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Taxing real estate

Published in Jan-Feb 2017

Why bringing Pakistan's real estate sector under the tax net is such a 'taxing' process.
Illustration by Creative Unit.
Illustration by Creative Unit.

Pakistan’s real estate sector has long been perceived as one of the most lucrative areas of investment, offering Return on Investments (ROIs) of over 100% within a span of a few years – unheard of in any other country in the world. The reasons are quite simple.

There has been almost no government oversight and minimal tax liabilities. As a result, speculative investors with substantial capital have benefited greatly, and for decades, were able to mint massive sums by buying premium real estate in bulk and then selling it a few years later at almost double the price. Added to this, considerable overseas investment in property was witnessed post 9/11, as Pakistani expatriates sought the security of having a home to come back to. This created artificial price hikes and a consequent demand-supply gap.

This scenario changed when the Federal Budget 2016-17 (announced in June last year) redefined the tax regime for the real estate sector. Since 1986, calculating the Collector Rate (the value of immovable property, referred to as the ‘DC rates’) was the prerogative of the District Commissioners (DC) of the Provincial Governments, who relied on fixed valuation tables to estimate the value of a property. This mechanism of valuation did not pose a problem until a gap began to emerge between the DC rates and market prices (see Table 1). The problem which then arose was that the DC rates did not reflect changes in the open market prices. For perspective, over the last 30 years, prices of vacant plots in DHA, Karachi have increased by more than 2,000 times. In 1980, a 2,000 square yard plot was valued at Rs 50,000 (Rs 25 per square yard). In 2015, the same plot was valued at Rs 100 million (Rs 50,000 per square yard).

As the difference between the DC rates and market prices widened, a black (undocumented) economy came into being; all real estate transactions were recorded as per the DC rates, while the actual sum of money exchanged between buyers and sellers was according to the market value. For example, when a 120-square yard plot with a DC rate of Rs 15,000 and a market value of Rs 50,000 was sold, the paperwork (title deeds and sales receipt) reflected the DC value, while the seller received Rs 50,000; a difference of Rs 35,000, became ‘black’ money. As a result, neither the Government of Pakistan, nor the income tax authorities, had any idea of the total income individual sellers and the real estate sector as a whole were generating.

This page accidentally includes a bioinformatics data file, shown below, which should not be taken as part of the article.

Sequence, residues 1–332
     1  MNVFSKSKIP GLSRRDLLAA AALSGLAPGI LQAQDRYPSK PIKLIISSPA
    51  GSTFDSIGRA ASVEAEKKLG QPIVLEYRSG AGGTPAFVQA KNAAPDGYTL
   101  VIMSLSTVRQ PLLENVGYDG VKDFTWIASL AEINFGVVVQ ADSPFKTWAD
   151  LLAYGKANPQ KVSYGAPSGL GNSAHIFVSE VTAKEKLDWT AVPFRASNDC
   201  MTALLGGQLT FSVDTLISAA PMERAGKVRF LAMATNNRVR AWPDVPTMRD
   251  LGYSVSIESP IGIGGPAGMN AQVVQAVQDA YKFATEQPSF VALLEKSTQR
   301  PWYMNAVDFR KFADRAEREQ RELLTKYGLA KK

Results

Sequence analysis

Table 1: Changes in DC rates.
Table 1: Changes in DC rates.

Table 2: Changes in CGT.
Table 2: Changes in CGT.

To correct this imbalance, Section 68 of the Income Tax Ordinance 2001 was amended through the Finance Act 2016, according to which Provincial Governments no longer had the authority to evaluate property prices. Instead, the Federal Board of Revenue (FBR) assumed the responsibility of determining property prices for documentation purposes, with the objective of bringing them at par with actual market values.

This increase in documented property values immediately created a slump in the market. According to most real estate agents, the volume of property transactions decreased by almost 85% post the Budget announcement.

The reason why property transactions severely dipped was due to the fact that all property taxes (introduced by FBR in 2014) increased significantly as the taxes were now calculated on the (substantially higher) FBR rates. Added to this, the FBR raised the tax percentage in the Federal Budget 2016-17, dealing a second blow to the real estate market. Firstly, the Capital Gain Tax (CGT) – essentially a tax on the profit a property owner generates from a sale – schedule was revised. Previously, five percent CGT was applicable on all properties purchased before July 1, 2016, and sold within three years. After the Budget announcement, properties purchased after July 1, 2016 were subject to the CGT schedule as per Table 2. Secondly, the Withholding Tax (WHT) – also known as Advance Tax – payable by buyers was doubled; two percent for income tax filers and four percent for non-filers. Until the 2016-17 Budget, this tax was only applicable on properties valued at three million rupees or more, but the FBR increased this slab to properties worth four million rupees or more.